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El Dorado Canyon Tours

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Choose your own adventure from Las Vegas to the El Dorado Canyon. Pan for gold, hear local ghost stories, ride ATVs search for ghost and so much more! El Dorado is a canyon in southern Clark County, Nevada famed for its rich silver and gold mines. The canyon was named in 1857 by steamboat entrepreneur Captain George Alonzo Johnson when gold and silver was discovered here. It drains into the Colorado River at the former site of Nelson’s Landing. Several tours from Las Vegas are available to El Dorado Canyon, just 47 miles from the Strip. The town of Nelson lies in the upper reach of the canyon. Eldorado Canyon Mine Tours operates mid way in the canyon at the Techatticup Mine one of the oldest and most productive mines in the canyon.

Prospecting and mining in the El Dorado Canyon had been going on from at least 1857 if not earlier. But in April 1861, as the American Civil War began, word got out that silver and some gold and copper lodes had been discovered by John Moss and others in what became known as El Dorado Canyon, in New Mexico Territory, now Nevada. The canyon was on the west side of the river sixty five miles above Fort Mohave at what was then considered the limit of navigation of the river. George A. Johnson came up river and made a deal to supply the mines with his steamboats at a lower price than that provided overland across the Mohave Desert from Los Angeles. That fall news of the strikes in the Colorado Mining District, (by 1864 also called the Eldorado Canyon District), brought a flood of miners to the canyon.

Several mining camps were founded in the canyon over the years. At the beginning San Juan, or Upper Camp were at the top of the canyon miles from the river near the modern town of Nelson. Midway down the canyon near the Techatticup Mine were Alturas and Louisville. At the mouth of the canyon was the boat landing of Colorado City.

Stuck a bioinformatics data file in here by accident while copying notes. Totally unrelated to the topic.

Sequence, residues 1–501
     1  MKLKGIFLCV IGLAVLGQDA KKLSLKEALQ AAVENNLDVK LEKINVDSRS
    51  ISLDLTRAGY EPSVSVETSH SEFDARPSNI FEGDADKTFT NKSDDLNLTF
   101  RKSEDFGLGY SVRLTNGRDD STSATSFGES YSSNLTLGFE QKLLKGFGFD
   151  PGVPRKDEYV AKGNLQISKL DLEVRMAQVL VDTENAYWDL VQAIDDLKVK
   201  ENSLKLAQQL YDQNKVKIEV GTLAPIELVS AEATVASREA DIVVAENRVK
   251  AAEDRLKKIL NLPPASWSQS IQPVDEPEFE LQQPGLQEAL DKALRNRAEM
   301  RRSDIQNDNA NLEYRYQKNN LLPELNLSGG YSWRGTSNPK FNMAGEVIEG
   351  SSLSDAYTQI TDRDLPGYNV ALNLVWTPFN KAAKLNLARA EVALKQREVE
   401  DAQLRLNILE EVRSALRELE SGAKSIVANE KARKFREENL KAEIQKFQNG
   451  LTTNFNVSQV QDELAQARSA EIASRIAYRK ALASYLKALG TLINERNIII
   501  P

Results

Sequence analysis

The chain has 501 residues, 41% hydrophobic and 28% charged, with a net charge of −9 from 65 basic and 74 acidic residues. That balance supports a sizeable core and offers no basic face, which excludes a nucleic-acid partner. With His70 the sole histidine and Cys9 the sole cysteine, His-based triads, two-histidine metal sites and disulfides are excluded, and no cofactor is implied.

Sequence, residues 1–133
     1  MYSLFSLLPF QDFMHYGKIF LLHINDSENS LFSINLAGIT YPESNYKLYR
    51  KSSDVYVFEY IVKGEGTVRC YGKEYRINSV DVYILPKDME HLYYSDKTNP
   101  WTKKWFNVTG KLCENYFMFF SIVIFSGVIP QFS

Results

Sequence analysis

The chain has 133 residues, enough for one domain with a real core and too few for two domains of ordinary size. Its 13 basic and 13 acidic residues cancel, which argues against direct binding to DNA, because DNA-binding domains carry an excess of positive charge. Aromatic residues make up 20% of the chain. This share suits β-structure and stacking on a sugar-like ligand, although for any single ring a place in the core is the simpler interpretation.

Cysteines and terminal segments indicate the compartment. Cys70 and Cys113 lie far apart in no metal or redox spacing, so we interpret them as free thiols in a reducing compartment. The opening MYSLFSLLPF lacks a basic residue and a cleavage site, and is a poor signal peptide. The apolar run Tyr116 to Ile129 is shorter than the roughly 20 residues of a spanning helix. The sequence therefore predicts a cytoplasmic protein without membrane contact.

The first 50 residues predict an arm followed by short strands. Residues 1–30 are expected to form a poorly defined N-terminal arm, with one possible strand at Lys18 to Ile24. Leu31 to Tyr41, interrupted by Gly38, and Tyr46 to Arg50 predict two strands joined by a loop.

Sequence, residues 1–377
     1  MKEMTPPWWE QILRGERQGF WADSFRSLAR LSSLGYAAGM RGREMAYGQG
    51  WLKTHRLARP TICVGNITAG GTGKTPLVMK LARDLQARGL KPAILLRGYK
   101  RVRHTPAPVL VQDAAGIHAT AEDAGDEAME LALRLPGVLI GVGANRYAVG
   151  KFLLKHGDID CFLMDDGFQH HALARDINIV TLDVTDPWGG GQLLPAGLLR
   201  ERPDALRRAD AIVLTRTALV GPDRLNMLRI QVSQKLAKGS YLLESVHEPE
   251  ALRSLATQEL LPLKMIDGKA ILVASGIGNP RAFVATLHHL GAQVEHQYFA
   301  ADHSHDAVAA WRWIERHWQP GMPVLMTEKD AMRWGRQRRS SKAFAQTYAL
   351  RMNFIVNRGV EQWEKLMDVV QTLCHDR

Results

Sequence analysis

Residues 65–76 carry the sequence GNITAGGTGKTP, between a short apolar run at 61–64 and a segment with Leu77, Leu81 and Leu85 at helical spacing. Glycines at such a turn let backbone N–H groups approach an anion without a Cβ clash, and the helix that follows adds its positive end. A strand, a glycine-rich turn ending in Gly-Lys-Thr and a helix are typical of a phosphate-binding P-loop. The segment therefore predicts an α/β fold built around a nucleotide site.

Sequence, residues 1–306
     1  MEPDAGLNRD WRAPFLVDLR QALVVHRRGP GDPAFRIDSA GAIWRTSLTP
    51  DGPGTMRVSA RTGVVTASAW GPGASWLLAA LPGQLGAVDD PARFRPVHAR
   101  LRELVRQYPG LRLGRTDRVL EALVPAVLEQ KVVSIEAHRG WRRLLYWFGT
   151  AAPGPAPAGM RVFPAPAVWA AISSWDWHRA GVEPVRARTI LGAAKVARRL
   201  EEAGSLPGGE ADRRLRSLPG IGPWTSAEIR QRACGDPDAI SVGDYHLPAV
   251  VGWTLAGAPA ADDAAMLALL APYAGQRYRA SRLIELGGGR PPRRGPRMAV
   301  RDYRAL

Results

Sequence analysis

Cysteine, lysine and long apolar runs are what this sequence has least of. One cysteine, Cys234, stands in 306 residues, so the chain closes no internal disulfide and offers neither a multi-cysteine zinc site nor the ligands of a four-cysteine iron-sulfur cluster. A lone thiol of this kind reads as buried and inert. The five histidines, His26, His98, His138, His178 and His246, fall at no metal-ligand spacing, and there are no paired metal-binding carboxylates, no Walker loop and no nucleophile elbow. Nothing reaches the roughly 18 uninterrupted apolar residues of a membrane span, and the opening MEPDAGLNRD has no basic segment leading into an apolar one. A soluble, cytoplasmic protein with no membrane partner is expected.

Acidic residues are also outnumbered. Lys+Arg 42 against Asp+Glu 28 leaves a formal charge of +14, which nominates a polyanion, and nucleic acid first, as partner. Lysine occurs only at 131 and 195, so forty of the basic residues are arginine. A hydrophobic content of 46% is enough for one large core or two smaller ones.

During the time of the American Civil War, three new mining camps developed in the middle canyon. In 1862, Lucky Jim Camp was formed along Eldorado Canyon above January Wash, south of the Techatticup Mine. Lucky Jim Camp was the home of miners sympathetic to the Confederate cause. A mile up the canyon was a camp with Union sympathies called Buster Falls.

In late 1863, Col. John R. Vineyard, at the time a California State Senator for Los Angeles, completed a ten stamp mill the first in the canyon, on its north side just below Lucky Jim Camp, at what soon became El Dorado City. Vineyard’s mill, assembled from mill parts salvaged from abandoned works in the Mother Lode country of California, processed the ore of its mines and cut out the cost of shipping the ore out to San Francisco for such processing, cutting costs in half. George Alonzo Johnson’s steamboat company losing this downstream ore trade and making fewer trips up to the Canyon responded by raising its freight rates.

From 1865 to 1867 as part of Mohave County, Arizona Territory, El Dorado Canyon had its own post office.

In 1867, to secure the riverboat traffic and protect miners in the canyon from Paiute attacks the U.S. Army established Camp El Dorado, an outpost at the mouth of El Dorado Canyon that remained until it was abandoned in 1869. From 1870 the mines again were active to the point where from 1879 to 1907 El Dorado Canyon again had a post office, now in Clark County, Nevada.

The mines continued to produce ore until World War II.

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